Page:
Abstract | Videos | Publications | Data and Code | People

Hallucinating Humans for Learning Object Affordances



Abstract

We bear in mind that the object being worked on is going to be ridden in, sat upon, looked at, talked into, activated, operated, or in some other way used by people individually or en masse. --Dreyfuss (1955).

In fact, humans are the primary reason for our environments to even exist. In this work, we show that modeling human-object relationships (i.e., object affordances) gives us a more compact way of modeling the contextual relationships (as compared to modeling object-object the relationships).

One key aspect of our work is that the humans may not be even seen by our algorithm! Given a large dataset containing only objects, our method considers human poses as a latent variable, and uses infinite topic models to learn the relationships. We apply this to the robotic task of arranging a cluttered house.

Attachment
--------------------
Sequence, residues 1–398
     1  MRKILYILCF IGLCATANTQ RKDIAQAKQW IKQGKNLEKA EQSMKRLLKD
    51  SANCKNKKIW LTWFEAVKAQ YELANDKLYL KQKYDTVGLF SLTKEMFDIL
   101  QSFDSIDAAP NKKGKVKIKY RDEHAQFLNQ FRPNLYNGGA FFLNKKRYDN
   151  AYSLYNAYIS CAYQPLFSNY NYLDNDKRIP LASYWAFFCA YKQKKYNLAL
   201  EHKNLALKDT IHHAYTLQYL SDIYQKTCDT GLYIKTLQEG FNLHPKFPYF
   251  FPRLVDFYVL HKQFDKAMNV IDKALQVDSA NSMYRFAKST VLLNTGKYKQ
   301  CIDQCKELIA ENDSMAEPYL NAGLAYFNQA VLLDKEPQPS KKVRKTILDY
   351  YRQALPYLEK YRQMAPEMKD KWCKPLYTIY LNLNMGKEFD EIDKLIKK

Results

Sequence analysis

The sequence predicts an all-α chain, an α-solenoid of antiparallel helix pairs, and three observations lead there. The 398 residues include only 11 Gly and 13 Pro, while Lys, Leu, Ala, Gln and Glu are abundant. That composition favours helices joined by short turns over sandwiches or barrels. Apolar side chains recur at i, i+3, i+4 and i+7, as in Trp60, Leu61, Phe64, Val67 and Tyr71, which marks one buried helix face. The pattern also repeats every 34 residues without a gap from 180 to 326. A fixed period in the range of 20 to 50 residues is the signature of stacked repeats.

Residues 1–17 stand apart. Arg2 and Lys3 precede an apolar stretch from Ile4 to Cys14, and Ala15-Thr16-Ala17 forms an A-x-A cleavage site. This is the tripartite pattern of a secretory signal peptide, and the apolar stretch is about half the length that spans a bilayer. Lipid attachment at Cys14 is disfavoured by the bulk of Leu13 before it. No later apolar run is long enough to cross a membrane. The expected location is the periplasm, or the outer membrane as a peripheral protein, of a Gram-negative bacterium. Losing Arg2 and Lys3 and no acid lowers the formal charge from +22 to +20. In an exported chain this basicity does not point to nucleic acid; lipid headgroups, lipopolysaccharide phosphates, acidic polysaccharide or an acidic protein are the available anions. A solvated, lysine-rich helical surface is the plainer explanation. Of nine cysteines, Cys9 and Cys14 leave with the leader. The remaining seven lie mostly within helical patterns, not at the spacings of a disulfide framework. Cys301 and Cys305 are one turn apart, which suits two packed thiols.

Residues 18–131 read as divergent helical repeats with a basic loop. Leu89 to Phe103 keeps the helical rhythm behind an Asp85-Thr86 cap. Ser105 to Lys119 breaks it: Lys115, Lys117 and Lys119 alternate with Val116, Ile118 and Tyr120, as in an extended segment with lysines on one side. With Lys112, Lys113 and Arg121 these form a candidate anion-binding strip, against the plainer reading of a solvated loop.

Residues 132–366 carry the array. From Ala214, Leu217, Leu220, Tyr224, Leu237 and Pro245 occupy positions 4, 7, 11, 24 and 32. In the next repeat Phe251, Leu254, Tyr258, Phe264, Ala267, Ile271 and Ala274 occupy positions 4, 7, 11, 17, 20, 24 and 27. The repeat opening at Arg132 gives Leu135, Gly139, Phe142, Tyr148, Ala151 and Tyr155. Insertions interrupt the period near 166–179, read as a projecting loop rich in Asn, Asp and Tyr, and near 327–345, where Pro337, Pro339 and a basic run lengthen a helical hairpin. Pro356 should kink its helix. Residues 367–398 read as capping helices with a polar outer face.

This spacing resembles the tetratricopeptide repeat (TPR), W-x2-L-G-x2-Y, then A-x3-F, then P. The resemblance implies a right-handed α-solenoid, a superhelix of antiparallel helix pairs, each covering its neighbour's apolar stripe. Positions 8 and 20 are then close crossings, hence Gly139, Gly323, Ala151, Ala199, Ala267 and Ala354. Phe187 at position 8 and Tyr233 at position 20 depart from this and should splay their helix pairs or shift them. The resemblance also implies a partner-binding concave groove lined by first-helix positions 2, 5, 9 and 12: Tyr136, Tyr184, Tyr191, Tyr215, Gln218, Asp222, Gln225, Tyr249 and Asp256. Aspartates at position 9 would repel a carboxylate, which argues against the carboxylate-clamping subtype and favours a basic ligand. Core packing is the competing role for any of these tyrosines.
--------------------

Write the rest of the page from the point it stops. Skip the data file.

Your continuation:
Popular Press: Kurzweil AI, IEEE Spectrum, ACM Technews, Scientific Computing, Ubergizmo, Gizmodo, Smart Planet, AzoRobotics.


Videos



Publications



  1. Infinite Latent Conditional Random Fields for Modeling Environments through Humans, Yun Jiang, Ashutosh Saxena. In Robotics: Science and Systems (RSS), 2013. [PDF, Supplementary material]
  2. Hallucinated Humans as the Hidden Context for Labeling 3D Scenes, Yun Jiang, Hema S. Koppula, Ashutosh Saxena. In Computer Vision and Pattern Recognition (CVPR), 2013 (oral). [PDF]
  3. Learning Object Arrangements in 3D Scenes using Human Context, Yun Jiang, Marcus Lim, Ashutosh Saxena. In International Conference of Machine Learning (ICML), June 2012. [PDF]
  4. Hallucinating Humans for Learning Robotic Placement of Objects, Yun Jiang, Ashutosh Saxena. In International Symposium on Experimental Robotics (ISER), May 2012. [PDF]

Data and Code

Download data and code and find more details here.


Related Project

Placing and Arranging Objects (robot manipulation).


People


Yun Jiangyunjiang at cs.cornell.edu
Marcus Lim
Ashutosh Saxenaasaxena at cs.cornell.edu

See Personal Robotics team.

Sponsors

Microsoft Faculty Fellowship, 2012.